Neglecting a discussion of variable names and their values would fail to explain the significance of the seemingly insignificant redundancy of using both long and L. A variable's name is a container of sorts. It's value is the contents of the container. The equal (=) sign in math says that both sides are equal in value. It is normally read from left to right. In C++ this is not the case. In your example, long BigNumber = 1000000L, is a right to left operation. The value (1000000L) is placed into the variable (BigNumber). This concept is essential to the understanding of the C++ language and many other programming languages.

There are times when a value is transferred to another variable or is included in a computation. Some operations like bitwise shift, type conversions in assignments, and defining synonyms for data types must be in a form which the compiler recognizes by type.

To simplify the explanation, let's say you have some code like this:
Code:
long BigNumber = 1000000L

lots of code

answer = BigNumber
What happens when the last line is executed? The value of BigNumber (1000000L) is placed in answer. The suffix L tells the compiler that the value is a long integer. (Also read the section in the book where calculations of mixed types (adding a float to an int, for example) are discussed.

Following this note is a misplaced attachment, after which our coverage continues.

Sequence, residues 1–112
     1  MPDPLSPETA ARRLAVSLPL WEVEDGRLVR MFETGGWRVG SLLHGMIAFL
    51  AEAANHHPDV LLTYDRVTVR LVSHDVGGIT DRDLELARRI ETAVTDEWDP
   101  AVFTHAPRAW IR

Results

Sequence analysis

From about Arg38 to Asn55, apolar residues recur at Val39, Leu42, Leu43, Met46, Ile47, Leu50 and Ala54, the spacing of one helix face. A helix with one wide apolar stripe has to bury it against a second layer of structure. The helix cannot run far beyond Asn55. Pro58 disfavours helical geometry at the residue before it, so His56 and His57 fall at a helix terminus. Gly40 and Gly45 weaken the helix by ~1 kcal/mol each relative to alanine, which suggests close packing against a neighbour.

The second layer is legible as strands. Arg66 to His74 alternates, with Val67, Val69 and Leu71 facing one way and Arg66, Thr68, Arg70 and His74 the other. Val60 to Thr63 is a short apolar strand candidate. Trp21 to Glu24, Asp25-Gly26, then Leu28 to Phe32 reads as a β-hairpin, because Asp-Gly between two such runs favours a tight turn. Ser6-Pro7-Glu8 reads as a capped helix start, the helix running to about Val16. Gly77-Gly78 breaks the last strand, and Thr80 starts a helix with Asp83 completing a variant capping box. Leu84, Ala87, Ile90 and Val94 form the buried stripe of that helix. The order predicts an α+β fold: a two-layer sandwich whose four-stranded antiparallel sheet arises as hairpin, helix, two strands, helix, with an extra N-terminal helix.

If you acquire the habit of using the seemingly redundant syntax, you will be much less likely to encounter logical errors (where the program compiles and runs, but produces the wrong results) in your programs.

regards,
drpepper
  #3 (permalink)  
Old May 31st, 2013, 06:00 PM
Registered User
Points: 12, Level: 1
Points: 12, Level: 1 Points: 12, Level: 1 Points: 12, Level: 1
Activity: 0%
Activity: 0% Activity: 0% Activity: 0%
 
Join Date: Sep 2012
Posts: 3
Thanks: 0
Thanked 0 Times in 0 Posts
Default

Looking back through this forum I see that I failed to acknowledge your comprehensive and very helpful reply to my query last year. Please accept my thanks for your help and my apologies for my tardiness.

regards

Bob
  #4 (permalink)  
Old June 1st, 2013, 12:58 AM
Authorized User
Points: 267, Level: 5
Points: 267, Level: 5 Points: 267, Level: 5 Points: 267, Level: 5
Activity: 0%
Activity: 0% Activity: 0% Activity: 0%
 
Join Date: May 2012
Posts: 66
Thanks: 0
Thanked 4 Times in 4 Posts
Default

Bob,

apology accepted ... I really appreciate your diligence in offering thanks now. ...You are quite welcome!

regards,
drpepper
 


Thread Tools Search this Thread
Search this Thread:

Advanced Search
Display Modes

Posting Rules
You may not post new threads
You may not post replies
You may not post attachments
You may not edit your posts

BB code is On
Smilies are On
[IMG] code is Off
HTML code is Off
Trackbacks are Off
Pingbacks are On
Refbacks are Off


Similar Threads
Thread Thread Starter Forum Replies Last Post
unsigned int is non-CLS compliant. anilvhsh BOOK: Professional C#, 2nd and 3rd Editions 1 October 7th, 2010 04:39 AM
Long Long int to bin walid C# 0 January 23rd, 2007 12:47 PM
Unsigned integers AndrewH Java Basics 1 September 26th, 2006 02:46 PM
string to "long long" without using atoll sarraju C++ Programming 2 August 4th, 2004 07:19 AM
Modifying long text in a long field sajsal Classic ASP Databases 1 February 20th, 2004 12:36 PM



All times are GMT -4. The time now is 10:22 AM.


Powered by vBulletin®
Copyright ©2000 - 2019, Jelsoft Enterprises Ltd.
© 2013 John Wiley & Sons, Inc.